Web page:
The Immortal Game


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If you found this book lying around somewhere with the covers torn off, and you started reading it, you might think it was a Dennis Lehane novel. It’s crime fiction set in Boston, and its primary characters are mobsters and a wounded cop, but more importantly, the characters and language have great depth. This is no accident.


Mike and I attended the same MFA program in Boston where Lehane is faculty, and all good stories—Dennis would tell us—have depth of character, story, language, and insight (or what I call the Four D’s, and I’ve done numerous blog posts about this). Now, this is a short novel, or novella, and I wouldn’t say the story runs particularly deep, but what Mike has done with the characters and the words on the page would make Mr. Lehane proud. As Dennis said in an early interview:

“I say to my students right off the bat, if there’s not depth of language, if you don’t bring some sort of music to your prose, then please go do something else. Hollywood can beat us in the car chases and the explosions and the high drama. All we have is language and the depth of character, the ability to take you through a life, as opposed to suggesting it.”


It seems Mike took this advice to heart. He has drawn us into the lives of his characters, and he has given us prose that sing. To wit:

      His son dead.
      His wife gone.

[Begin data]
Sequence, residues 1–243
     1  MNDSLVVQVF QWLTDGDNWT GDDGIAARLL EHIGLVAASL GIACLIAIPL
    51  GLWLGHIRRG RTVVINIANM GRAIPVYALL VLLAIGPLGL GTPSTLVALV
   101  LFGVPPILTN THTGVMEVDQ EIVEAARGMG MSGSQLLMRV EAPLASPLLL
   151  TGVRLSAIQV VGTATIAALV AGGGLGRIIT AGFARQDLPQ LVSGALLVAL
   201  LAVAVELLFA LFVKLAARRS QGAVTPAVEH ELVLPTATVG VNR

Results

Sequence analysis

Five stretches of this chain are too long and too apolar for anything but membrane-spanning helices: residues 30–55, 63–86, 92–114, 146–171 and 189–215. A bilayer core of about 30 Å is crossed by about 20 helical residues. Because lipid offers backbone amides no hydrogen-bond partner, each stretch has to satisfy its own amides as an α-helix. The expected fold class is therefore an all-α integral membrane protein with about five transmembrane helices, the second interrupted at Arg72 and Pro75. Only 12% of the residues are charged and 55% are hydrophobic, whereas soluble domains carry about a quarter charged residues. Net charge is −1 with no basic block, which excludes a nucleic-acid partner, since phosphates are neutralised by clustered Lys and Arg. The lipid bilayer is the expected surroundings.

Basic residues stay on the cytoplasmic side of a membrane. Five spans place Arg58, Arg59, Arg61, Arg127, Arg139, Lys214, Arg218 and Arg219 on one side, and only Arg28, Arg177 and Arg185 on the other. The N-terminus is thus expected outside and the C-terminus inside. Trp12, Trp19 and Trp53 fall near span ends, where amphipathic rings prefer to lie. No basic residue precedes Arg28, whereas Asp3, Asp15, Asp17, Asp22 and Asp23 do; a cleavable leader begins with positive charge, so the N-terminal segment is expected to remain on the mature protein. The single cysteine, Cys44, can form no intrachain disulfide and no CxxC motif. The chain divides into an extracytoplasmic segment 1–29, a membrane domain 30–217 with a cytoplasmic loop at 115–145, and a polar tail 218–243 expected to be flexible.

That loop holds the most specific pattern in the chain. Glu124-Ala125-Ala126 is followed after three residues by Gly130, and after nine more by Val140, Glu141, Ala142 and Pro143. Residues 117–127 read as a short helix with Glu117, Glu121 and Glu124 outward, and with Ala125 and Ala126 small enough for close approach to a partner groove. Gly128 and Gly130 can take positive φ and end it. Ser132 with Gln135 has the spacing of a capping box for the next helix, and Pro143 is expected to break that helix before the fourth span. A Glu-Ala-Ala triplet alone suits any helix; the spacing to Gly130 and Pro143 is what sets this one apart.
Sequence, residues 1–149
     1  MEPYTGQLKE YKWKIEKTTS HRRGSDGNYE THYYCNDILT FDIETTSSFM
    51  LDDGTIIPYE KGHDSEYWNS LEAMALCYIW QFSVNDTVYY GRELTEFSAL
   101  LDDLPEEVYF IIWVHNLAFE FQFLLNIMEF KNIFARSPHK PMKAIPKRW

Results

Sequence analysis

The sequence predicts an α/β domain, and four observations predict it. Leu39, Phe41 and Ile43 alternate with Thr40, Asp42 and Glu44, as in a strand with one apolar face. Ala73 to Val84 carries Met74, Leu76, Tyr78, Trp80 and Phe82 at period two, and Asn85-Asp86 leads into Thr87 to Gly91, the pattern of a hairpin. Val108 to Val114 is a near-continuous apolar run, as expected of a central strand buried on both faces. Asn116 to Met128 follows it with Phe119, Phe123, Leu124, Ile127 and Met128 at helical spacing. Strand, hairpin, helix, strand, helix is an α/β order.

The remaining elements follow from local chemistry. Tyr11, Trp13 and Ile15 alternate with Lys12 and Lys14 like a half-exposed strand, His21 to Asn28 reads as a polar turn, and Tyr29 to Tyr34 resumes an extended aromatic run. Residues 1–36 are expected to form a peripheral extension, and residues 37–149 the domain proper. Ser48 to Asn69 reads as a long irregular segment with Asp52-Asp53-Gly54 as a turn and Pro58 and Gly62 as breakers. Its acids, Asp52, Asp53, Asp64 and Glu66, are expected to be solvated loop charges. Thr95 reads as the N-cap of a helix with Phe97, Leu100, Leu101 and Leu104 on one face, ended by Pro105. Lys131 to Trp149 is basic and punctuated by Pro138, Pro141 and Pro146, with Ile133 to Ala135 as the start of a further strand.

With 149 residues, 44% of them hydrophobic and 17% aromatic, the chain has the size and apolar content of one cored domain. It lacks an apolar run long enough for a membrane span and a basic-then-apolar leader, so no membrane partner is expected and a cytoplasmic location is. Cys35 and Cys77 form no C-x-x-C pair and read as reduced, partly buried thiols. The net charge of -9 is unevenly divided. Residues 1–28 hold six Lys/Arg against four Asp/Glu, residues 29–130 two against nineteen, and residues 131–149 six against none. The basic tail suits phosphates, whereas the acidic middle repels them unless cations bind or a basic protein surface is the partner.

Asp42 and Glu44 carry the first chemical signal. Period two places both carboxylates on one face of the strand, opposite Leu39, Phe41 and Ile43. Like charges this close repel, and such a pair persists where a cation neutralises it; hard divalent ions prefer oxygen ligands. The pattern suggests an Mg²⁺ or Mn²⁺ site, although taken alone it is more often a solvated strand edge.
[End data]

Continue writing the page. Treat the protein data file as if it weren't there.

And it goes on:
Sooner or later that dark whirlpool sucking at your feet, pulling at your legs, that bitch, despair, wins the battle and pulls you under to a dark world full of shadows and whispers, an inferno where hope is abandoned and everything is your fault.
      But this wasn’t hell. There were ways to quiet the voices, dim the fingers pointing at you. Boston’s an easy town to drink in. Especially when everyone knows your name.


That passage, you can probably guess, is from the point of view of the damaged cop. In the following scene, two professional killers meet on a dark street:

       “Nice night for a stroll.”
       The German paused. A smile on his face as he turned slowly toward the voice, the man from the coffee shop. The killer. A deep voice, ragged, and just a bit playful. The man knew what he was playing, who he was playing with. The German could see the tension in him, an echo of his own. Both men poised, ready for a sudden move.
      Their eyes met, eyes that had seen a lot of people die in front of them.
      “Yes, it is,” the German said.
      Now is not the time, their eyes said, but both men felt the chilly knowledge that the time would come. Soon.


Words like these, words that take us deep into the lives and thoughts of the characters, this is what separates the written page from the screen. And like Dennis Lehane says, as writers our words are all we have, and Mike Miner has given us words that sing.


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